The board of the Reserve Bank of India (RBI) is learnt to have discussed the issue of relaxing the so-called prompt corrective action (PCA) framework in a much-watched meeting on Tuesday, but no relief on this front was approved.
The board of the Reserve Bank of India (RBI) is learnt to have discussed the issue of relaxing the so-called prompt corrective action (PCA) framework in a much-watched meeting on Tuesday, but no relief on this front was approved. It also deliberated upon steps to ease credit flow to non-banking financial companies (NBFCs) in the wake of the crisis at Infrastructure Leasing and Financial Services (IL&FS) and persisting concerns about the elevated stressed assets with public-sector banks (PSBs).
“No relaxation in the PCA framework has been agreed upon in the meeting,” a source told FE. The board is expected to meet again soon in November to discuss issues, including the liquidity crisis.
Acceding to the demand of several stressed PSBs, the finance ministry has made a case for easing the “stringent” PCA framework to enable PSBs to lend more freely at a time when NBFCs are facing a liquidity crunch. The PCA framework is aimed at nursing sick banks back to health through certain tough conditions set for them. Financial services secretary Rajiv Kumar and economic affairs secretary Subhash Chandra Garg, who represent the ministry on the board, are learnt to have argued that a relaxation under the PCA would not only give the stressed PSBs headroom for growth but also enable them to lend more and support the efforts to ease liquidity crunch being faced by NBFCs.
As many as 11 of the 21 public-sector banks (PSBs) are on the RBI’s watch list for strained finances, two of which — Dena Bank and Allahabad Bank — even face restriction on lending. These stressed banks make up for 30% of deposits and 29% of advances of all the 21 PSBs.
As many as 11 of the 21 public-sector banks (PSBs) are on the RBI’s watch list for strained finances, two of which — Dena Bank and Allahabad Bank —even face restriction on lending. These stressed banks make up for 30% of deposits and 29% of advances of all the 21 PSBs.
The latest demand is expected to ratchet up tension between the finance ministry and the RBI, as the central bank has been against granting any such relief. RBI deputy governor Viral Acharya recently said that without the imposition of the PCA, some banks would have incurred higher losses and required even greater recapitalisation from taxpayer money. Of the Rs 80,000-crore recap bonds issued to various PSBs last fiscal, the 11 PCA-banks accounted for as much as Rs 52,311 crore.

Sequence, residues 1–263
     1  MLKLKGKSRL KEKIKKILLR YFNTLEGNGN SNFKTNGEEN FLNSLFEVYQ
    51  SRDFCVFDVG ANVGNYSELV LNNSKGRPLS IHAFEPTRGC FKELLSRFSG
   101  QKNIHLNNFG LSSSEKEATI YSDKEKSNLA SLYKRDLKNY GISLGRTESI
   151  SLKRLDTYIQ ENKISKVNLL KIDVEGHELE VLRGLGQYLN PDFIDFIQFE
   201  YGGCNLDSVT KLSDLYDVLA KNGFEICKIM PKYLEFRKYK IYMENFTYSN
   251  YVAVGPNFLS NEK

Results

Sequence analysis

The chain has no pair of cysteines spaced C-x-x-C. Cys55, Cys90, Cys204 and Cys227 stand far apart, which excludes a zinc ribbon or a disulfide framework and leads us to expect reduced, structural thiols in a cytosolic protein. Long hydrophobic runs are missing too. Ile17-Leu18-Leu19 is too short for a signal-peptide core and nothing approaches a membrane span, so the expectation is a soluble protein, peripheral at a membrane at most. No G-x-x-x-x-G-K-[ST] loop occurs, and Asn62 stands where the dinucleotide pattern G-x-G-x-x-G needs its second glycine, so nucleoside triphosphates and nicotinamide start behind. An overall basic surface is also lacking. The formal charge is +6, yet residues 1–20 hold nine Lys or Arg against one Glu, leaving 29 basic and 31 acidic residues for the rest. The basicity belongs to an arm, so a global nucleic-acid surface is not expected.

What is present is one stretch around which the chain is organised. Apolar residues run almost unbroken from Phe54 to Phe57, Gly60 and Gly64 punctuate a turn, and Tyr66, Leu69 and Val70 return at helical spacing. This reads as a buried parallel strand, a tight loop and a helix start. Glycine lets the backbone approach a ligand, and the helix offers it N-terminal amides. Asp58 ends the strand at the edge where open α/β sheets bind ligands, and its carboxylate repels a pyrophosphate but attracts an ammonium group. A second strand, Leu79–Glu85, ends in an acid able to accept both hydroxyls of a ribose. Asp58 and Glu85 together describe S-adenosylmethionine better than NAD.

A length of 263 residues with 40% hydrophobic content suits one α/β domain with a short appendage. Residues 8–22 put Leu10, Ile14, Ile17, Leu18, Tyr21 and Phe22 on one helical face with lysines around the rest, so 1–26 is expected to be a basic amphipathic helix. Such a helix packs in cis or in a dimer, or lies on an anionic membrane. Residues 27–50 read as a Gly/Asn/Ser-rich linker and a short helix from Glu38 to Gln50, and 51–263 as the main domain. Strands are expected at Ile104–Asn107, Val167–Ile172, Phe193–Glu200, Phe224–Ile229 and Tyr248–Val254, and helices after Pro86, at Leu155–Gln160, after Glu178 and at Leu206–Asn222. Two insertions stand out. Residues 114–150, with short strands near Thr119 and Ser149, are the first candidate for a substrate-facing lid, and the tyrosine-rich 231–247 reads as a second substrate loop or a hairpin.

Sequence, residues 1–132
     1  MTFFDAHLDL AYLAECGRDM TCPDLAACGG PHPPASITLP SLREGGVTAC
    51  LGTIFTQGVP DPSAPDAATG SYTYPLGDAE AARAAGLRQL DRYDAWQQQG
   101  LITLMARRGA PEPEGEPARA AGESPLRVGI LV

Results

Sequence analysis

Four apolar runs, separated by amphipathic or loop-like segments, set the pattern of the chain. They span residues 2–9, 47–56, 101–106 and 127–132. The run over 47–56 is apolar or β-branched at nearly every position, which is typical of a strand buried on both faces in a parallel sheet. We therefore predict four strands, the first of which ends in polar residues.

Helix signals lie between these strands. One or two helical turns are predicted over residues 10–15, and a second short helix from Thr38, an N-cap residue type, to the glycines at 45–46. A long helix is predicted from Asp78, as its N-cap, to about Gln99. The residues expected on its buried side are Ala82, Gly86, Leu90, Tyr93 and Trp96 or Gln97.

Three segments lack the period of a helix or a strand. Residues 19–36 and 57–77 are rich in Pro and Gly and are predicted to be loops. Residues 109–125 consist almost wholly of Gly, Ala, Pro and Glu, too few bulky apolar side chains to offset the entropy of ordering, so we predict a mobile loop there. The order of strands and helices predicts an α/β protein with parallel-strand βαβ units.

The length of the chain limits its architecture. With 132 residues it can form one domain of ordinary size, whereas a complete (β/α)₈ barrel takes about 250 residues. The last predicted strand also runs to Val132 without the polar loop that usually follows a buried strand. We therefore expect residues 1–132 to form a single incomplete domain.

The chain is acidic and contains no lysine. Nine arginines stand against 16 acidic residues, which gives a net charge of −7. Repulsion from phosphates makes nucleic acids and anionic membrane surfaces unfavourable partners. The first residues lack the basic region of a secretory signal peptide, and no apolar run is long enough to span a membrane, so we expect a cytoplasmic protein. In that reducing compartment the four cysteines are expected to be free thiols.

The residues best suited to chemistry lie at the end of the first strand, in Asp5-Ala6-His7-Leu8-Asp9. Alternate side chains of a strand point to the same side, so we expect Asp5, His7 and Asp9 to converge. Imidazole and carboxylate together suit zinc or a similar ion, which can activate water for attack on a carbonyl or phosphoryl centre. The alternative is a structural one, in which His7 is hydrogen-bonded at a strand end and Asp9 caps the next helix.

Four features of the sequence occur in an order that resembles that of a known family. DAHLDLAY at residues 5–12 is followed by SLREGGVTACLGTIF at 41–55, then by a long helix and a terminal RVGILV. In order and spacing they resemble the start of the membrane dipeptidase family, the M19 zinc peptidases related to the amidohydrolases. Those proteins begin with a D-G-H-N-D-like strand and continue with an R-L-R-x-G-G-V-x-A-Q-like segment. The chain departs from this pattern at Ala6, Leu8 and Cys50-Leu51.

Already, the RBI last week made public its dissent note on certain recommendations of a government panel under the economic affairs secretary, opposing the idea of setting up an independent regulator outside the central bank to deal with issues relating to payments.
RBI governor Urjit Patel, financial services secretary Rajiv Kumar and economic affairs secretary Subhash Chandra Garg, deputy governors and other members attended the meeting on Tuesday.
To ease a liquidity crunch being faced by NBFCs, the RBI last week raised the ceiling for lending to a single NBFC until end-December, which is expected to facilitate additional lending of Rs 59,000 crore to NBFCs. More measures to ease the crisis are expected to follow soon.
As for the PCA, stressed banks face restrictions on distributing dividends and remitting profits when they are put under such a framework. Also, the lenders are stopped from expanding their branch networks and need to maintain higher provisions. Management compensation and directors’ fees are also capped. In certain cases, they are stopped from lending until they fix their finances.
In the annual meeting to review the performance of PSBs last month, chaired by finance minister Arun Jaitley, top bankers had sought a relaxed PCA framework on grounds the restrictions imposed under it were impacting their ability to lend. Among others, PSBs had sought some leeway in the provisioning norms, the threshold-1 level, the way lending starts and the risk weights assets assigned, so as to allow them headroom for growth.
The banks that are under the PCA are IDBI Bank, Bank of India, UCO Bank, Central Bank of India, Indian Overseas Bank (IOB), Oriental Bank of Commerce, Dena Bank, Bank of Maharashtra, United Bank of India (UBI), Corporation Bank and Allahabad Bank.
All the four deputy governors — NS Vishwanathan, Viral Acharya, BP Kanungo, Mahesh Kumar Jain —also attended the meeting, the agency reported quoting an unnamed RBI source. The two new members — S Gurumurthy and SK Marathe — who were inducted in August also attended the meeting, it added. (with agency inputs)